When Americans think of breast cancer, most consider it to be like a game of craps. If a woman is lucky she will avoid breast cancer during her lifetime, but if she is unlucky, then she may be diagnosed with this dreadful disease.
In an effort to combat the major health issues plaguing American Indians, the University of Kansas Medical Center and the American Indian Health Research and Education Alliance announced plans to create a Center for American Indian Community Health.
In the fight against cancer, so often the disease seems to be one-step ahead of researchers and health care providers. And anything that gives health professionals an advantage—advanced patient screenings, genetic indicators, etc.—is an important part of the battle.
Can stress management, social support and exercise have an effect on the overall health of women recently diagnosed with breast cancer? The University of Alabama at Birmingham (UAB) is conducting a study to find out.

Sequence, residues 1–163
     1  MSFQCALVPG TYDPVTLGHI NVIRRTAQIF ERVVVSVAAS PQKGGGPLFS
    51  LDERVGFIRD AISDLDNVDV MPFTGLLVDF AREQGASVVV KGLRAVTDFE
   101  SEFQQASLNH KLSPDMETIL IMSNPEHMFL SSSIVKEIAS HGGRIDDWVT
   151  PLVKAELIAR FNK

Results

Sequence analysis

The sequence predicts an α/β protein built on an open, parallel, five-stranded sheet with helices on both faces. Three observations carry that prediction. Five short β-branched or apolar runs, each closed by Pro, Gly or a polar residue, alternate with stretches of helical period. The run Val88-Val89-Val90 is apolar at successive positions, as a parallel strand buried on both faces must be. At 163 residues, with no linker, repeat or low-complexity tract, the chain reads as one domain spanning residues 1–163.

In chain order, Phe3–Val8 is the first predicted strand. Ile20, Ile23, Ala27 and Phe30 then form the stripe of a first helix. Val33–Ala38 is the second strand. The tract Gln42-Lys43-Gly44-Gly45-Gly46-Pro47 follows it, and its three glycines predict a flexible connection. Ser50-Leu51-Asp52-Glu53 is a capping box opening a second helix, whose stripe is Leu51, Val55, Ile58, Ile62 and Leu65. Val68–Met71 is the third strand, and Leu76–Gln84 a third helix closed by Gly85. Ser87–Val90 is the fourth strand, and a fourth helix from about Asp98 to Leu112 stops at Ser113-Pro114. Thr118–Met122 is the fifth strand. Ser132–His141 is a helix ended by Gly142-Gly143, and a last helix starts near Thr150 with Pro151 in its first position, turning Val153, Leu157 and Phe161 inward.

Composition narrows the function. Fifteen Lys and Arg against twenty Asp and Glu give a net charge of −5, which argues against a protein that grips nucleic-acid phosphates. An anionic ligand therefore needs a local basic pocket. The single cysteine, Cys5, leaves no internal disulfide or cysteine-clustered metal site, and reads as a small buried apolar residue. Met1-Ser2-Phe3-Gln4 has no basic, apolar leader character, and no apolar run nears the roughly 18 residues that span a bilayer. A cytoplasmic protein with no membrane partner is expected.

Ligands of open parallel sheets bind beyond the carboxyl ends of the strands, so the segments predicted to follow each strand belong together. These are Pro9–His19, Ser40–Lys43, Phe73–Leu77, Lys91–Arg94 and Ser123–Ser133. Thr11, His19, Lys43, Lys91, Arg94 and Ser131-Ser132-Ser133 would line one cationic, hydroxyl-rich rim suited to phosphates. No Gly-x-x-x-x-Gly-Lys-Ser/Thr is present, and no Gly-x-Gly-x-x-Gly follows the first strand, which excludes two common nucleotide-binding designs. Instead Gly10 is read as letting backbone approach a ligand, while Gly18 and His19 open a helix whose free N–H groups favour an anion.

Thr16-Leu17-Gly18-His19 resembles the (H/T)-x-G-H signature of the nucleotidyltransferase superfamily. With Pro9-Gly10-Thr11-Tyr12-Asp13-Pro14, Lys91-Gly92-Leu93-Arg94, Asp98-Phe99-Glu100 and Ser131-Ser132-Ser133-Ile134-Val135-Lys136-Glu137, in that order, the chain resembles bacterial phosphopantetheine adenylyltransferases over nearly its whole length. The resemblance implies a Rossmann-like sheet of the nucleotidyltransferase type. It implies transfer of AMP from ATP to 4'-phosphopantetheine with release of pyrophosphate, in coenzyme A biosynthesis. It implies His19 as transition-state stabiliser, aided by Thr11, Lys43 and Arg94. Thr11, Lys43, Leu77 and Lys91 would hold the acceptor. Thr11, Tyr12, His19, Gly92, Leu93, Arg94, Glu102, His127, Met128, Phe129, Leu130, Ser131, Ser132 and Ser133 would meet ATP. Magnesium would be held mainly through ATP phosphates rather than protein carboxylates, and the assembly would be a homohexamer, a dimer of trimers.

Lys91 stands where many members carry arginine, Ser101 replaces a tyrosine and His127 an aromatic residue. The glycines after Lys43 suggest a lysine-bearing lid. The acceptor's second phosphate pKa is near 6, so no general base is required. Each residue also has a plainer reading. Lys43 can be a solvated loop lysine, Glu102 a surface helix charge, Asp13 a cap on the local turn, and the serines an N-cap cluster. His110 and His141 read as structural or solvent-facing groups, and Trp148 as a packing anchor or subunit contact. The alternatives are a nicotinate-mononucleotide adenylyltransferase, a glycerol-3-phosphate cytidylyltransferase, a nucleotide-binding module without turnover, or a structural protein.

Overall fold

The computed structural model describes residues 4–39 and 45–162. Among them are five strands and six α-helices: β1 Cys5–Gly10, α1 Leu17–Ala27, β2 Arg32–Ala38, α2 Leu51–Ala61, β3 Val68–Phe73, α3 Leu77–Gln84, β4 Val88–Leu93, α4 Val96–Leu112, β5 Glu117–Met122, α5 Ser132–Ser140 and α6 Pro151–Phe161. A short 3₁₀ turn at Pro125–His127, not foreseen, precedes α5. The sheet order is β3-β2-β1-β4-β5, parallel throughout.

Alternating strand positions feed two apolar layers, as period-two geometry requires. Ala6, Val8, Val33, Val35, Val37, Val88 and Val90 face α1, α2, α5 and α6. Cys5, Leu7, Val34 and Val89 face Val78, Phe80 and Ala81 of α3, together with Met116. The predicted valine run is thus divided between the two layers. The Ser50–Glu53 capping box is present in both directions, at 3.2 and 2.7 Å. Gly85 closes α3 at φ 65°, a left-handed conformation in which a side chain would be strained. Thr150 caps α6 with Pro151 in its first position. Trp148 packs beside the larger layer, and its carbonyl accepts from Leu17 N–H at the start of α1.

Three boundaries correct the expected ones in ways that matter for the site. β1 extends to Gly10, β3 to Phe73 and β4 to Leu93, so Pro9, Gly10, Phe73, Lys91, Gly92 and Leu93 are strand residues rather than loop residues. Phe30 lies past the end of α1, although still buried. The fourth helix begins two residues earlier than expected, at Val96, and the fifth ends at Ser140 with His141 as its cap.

Meet Ruby and Pearl, two lovable, grandmotherly African-American ladies who have recently learned that a combination of monthly breast self-exams, regular mammograms and an annual clinical exam can reduce their risk of suffering from breast cancer.
Female breast cancer is the most commonly diagnosed cancer among all races, yet mortality rates differ between ethnicities and early detection numbers falter among minorities. A challenging yet rewarding specialty, oncology nursing puts nurses against such inequalities.
In the battle against racial and ethnic breast cancer disparities, being a leader means more than just taking initiative. It also means honoring the successes of others who have contributed to the fight.
The Sister Study, a landmark national study investigating the causes of breast cancer, wants to recruit as racially and ethnically diverse a participant sample as possible. Here’s how nurses can help spread the word.